WGW 36: Gu Li vs Lee Sedol — Jubango Game 3 Amateur Review

Weekly Go Wednes­day: Issue #36

Credit to GoGameGuru

Credit to GoGame­Guru

For Game 3 of the epic jubango between Lee Sedol (9P) and Gu Li (9P), we have arrived at a cru­cial point. Lee Sedol is already 2–0 (Game 1 and Game 2) and there is con­cern that the jubango will end ear­lier than desired. After all, every­one wants to see all 10 games. How­ever, the rules of the jubango is that the first to six vic­to­ries win. As a result, for this game, even Lee Sedol fans were root­ing for Gu Li to turn the tide so that we could see more games.

For those who don’t keep up with the pro­fes­sional scene, Gu Li had man­aged to beat Lee Sedol in two other tour­na­ment matches prior to this game, so even though there was con­cern that there would be too much pres­sure on Gu Li, peo­ple had high hopes that Gu Li would be able to make a come­back this game.

As with the pre­vi­ous reviews (Game 1 and Game 2), this review con­tin­ues to be geared towards kyu play­ers who strug­gle with the advanced analy­sis and dis­cus­sion that nor­mally occurs between dan and pro­fes­sional level play­ers. There is com­men­tary for every move so that hope­fully you won’t ever feel lost. In addi­tion, I am happy to announce that frozen­soul (5d) has joined forces with me again for this game review. Many thanks goes out to him for pro­vid­ing a num­ber of the insights you’ll see through­out the review.

Just like before, please let me know if you notice any­thing or have any sug­ges­tions that I can do to improve the review. I look for­ward to get­ting your feed­back on this game review. Hope you enjoy it and learn a thing or two through it!

Down­load Kifu

For more advanced reviews, be sure to keep an eye out on World Go Online and GoGame­Guru since I’m sure they will have their own in the near future.

Update: Many thanks to Anders for let­ting me know that there were some typos in the review. I’ve gone through the SGF and updated it to hope­fully elim­i­nate them all and make sure every­thing is labelled prop­erly. Let me know if I missed anything!

  • Ris­ingStar

    Great review Ben. I had a ques­tion about move 19: wouldn’t L17 have worked as well? Also, the Q17 and B7 groups are dead right?

    • http://www.bengozen.com/ Ben

      To answer your first ques­tion, L17 would have worked in terms of sep­a­rat­ing Black at that moment, how­ever, it makes Black heavy and if White jumps at O15 in response, it’s hard to fig­ure out a way to respond. The hane at K17 is bet­ter because it puts pres­sure on White to respond to it instead of tak­ing care of the O17 stone.

      In regards to your sec­ond ques­tion, which point of the game are you refer­ring to?

      • Ris­ingStar

        Thanks for the great answer Ben. It makes sense now.
        For my sec­ond ques­tion, I am talk­ing about the end of the game. I just want to make sure. They both look dead but for B7, the group next to it is also “no quite alive,” am I right? Thanks again Ben :)

        • http://www.bengozen.com/ Ben

          You are par­tially cor­rect. The B7 group is dead, but the D9 group next to it is not. The rea­son for this is because even though the D9 group does not have two eyes, it will win the cap­tur­ing race against the B7 group and will thus live that way. Can you see it now?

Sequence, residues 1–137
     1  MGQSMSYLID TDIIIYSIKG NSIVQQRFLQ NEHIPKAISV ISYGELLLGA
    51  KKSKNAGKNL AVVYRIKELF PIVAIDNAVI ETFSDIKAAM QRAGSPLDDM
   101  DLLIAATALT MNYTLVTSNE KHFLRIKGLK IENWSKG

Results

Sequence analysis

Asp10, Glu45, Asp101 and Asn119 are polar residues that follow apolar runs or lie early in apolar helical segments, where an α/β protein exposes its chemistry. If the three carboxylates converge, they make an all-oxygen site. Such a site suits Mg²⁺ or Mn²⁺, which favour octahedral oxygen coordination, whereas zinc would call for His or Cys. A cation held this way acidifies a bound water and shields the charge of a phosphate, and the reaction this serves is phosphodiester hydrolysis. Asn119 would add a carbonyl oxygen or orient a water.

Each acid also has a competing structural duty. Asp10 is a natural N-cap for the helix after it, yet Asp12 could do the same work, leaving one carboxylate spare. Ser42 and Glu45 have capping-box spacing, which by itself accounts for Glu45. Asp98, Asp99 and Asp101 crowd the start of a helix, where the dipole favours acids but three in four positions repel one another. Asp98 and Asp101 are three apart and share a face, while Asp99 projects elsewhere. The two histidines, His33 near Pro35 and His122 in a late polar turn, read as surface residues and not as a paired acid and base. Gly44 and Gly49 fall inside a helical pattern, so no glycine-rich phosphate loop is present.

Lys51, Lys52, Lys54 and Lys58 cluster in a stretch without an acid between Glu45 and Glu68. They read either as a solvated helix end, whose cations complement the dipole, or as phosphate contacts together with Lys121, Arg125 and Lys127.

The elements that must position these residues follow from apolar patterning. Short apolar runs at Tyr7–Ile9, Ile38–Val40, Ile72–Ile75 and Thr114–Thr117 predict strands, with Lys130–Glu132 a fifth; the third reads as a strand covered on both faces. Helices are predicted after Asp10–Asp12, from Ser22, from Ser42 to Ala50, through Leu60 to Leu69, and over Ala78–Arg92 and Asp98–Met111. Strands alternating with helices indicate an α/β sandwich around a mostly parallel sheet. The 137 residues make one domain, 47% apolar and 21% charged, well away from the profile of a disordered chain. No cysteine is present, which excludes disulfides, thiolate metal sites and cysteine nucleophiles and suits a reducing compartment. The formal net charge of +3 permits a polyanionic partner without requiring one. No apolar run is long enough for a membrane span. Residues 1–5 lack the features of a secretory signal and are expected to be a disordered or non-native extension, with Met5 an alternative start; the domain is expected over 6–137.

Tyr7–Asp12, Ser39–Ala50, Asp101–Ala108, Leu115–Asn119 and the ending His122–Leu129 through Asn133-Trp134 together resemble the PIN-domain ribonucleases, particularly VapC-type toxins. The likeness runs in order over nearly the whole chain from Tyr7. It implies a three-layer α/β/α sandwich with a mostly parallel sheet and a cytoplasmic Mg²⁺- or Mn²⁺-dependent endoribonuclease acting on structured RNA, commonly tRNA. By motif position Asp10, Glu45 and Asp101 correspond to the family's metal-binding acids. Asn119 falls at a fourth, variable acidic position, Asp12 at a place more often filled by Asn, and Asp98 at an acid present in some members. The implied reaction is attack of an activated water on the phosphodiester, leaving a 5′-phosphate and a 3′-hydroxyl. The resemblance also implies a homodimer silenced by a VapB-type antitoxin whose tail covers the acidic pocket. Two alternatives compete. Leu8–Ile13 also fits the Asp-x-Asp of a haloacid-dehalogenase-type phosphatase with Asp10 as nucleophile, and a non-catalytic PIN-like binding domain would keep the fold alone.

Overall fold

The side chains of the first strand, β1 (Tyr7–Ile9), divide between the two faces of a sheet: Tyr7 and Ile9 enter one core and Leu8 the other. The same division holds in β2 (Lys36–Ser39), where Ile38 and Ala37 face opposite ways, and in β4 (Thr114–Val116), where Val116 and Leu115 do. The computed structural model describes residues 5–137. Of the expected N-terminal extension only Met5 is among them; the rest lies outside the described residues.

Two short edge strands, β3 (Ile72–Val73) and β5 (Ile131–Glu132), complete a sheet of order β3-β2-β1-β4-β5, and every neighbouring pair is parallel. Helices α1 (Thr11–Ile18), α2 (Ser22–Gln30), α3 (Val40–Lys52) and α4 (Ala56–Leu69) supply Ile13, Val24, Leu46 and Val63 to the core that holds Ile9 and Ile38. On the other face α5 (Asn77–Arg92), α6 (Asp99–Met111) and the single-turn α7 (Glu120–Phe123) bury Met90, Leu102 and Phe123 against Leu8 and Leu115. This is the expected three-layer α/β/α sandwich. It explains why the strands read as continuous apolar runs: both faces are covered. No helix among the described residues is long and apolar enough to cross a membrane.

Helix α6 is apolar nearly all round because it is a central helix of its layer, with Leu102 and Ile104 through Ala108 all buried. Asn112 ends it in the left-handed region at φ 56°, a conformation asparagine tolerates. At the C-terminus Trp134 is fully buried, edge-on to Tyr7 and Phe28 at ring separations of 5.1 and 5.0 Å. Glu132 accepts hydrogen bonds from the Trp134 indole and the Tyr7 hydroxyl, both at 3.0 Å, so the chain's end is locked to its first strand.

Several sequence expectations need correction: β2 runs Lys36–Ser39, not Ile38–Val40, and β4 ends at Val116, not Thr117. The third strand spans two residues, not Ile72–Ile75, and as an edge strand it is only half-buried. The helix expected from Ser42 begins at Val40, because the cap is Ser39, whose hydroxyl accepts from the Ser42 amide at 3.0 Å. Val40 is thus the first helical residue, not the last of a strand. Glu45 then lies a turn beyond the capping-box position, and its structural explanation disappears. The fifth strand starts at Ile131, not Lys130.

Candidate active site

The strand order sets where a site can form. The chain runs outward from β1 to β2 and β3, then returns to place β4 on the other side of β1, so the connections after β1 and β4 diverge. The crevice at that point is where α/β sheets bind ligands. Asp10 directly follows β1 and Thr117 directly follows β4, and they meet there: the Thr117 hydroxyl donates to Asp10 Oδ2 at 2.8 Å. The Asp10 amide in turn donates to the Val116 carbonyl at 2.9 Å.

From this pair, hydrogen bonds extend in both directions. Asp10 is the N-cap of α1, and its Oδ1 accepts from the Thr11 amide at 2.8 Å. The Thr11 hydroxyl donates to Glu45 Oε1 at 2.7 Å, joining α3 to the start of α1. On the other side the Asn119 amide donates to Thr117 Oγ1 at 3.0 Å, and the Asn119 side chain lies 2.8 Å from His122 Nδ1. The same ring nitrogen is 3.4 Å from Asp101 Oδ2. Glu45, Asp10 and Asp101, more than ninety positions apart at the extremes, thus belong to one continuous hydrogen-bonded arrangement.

• Ris­ingStar

            Thanks a lot Ben :)

          • http://www.bengozen.com/ Ben

            Any­time! Glad i could help clear things up!

  • Toki

    You are the man Ben! It is what I was look­ing for! For a begin­ner like me, study­ing these kind of games is use­ful just if one can get every­thing about the match!
    Thank you very much.

    • http://www.bengozen.com/ Ben

      Thanks Toki! I’m glad that my hard work will def­i­nitely be put to good use. If there’s any­thing you notice that I can improve on, be sure to let me know so I can improve the next review I do. Appre­ci­ate your sup­port and feedback!

  • Moboy78

    I’ve also heard that pros are start­ing to play r14 now as well as O17 against the low chi­nese. I’ve yet to see it, but I’ve heard the logic behind why it’s become pop­u­lar again (splits b’s side and makes miai of w get­ting an exten­sion along either the top or bot­tom) so I want to find a pro game where its played.

    • http://www.bengozen.com/ Ben

      Fas­ci­nat­ing! I would have always thought that R14 would vio­late the prin­ci­ple of approach­ing from the wider side, but it seems go the­ory is always evolv­ing! It’s no won­der that we are always kept on our toes and that play­ers say that go is an end­less abyss that seems impen­e­tra­ble. Let me know if you ever find a pro game with the R14 approach!

      • Al Robin­son

        Yamada Wakio (2p,W) vs Hashimoto Yujiro (5p), 1985-06-03, 10th Kisei.

        • http://www.bengozen.com/ Ben

          Thanks Al! It was great to see the R14 approach in such a mon­u­men­tal game like the Kisei. It’s a pity that White wasn’t able to pull a win though (and thus give another point to the Chi­nese Opening).

  • Shawn Ligocki

    Thanks for the acces­si­ble com­men­tary Ben! I really like how you dis­cuss every sin­gle move using straight­for­ward ter­mi­nol­ogy and rea­son­ing at the kyu level.

    • http://www.bengozen.com/ Ben

      You’re wel­come Shawn! Just glad to be able to pro­vide some clar­ity on high-level games like this. Let me know if there’s any­thing I can do to improve and make it bet­ter for you. Thanks for the feedback!

  • http://truthandgo.blogspot.de/ Eye­catcher

    Hope will take some time to stud the game and your review soon, thank you a lot for that!

    • http://www.bengozen.com/ Ben

      You’re wel­come! I hope that you will find the review helpful!